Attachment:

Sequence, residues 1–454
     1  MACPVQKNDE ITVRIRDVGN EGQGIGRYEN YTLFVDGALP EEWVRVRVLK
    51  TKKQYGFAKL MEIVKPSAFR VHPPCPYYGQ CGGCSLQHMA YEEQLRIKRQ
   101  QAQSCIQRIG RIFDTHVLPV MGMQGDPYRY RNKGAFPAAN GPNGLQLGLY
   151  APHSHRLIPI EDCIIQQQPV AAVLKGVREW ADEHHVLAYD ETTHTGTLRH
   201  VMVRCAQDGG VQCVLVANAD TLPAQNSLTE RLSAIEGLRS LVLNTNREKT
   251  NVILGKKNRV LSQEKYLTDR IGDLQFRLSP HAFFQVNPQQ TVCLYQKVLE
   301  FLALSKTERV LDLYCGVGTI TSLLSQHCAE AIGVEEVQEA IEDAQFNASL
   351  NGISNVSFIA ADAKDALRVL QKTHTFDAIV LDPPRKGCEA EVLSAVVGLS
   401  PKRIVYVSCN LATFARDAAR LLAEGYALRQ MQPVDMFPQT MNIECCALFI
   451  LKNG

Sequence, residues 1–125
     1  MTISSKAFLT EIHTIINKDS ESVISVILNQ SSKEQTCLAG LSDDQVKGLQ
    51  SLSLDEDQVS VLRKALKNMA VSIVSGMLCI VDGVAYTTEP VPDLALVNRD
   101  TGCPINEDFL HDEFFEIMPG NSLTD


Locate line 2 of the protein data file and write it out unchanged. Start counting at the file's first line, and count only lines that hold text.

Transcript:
     1  MACPVQKNDE ITVRIRDVGN EGQGIGRYEN YTLFVDGALP EEWVRVRVLK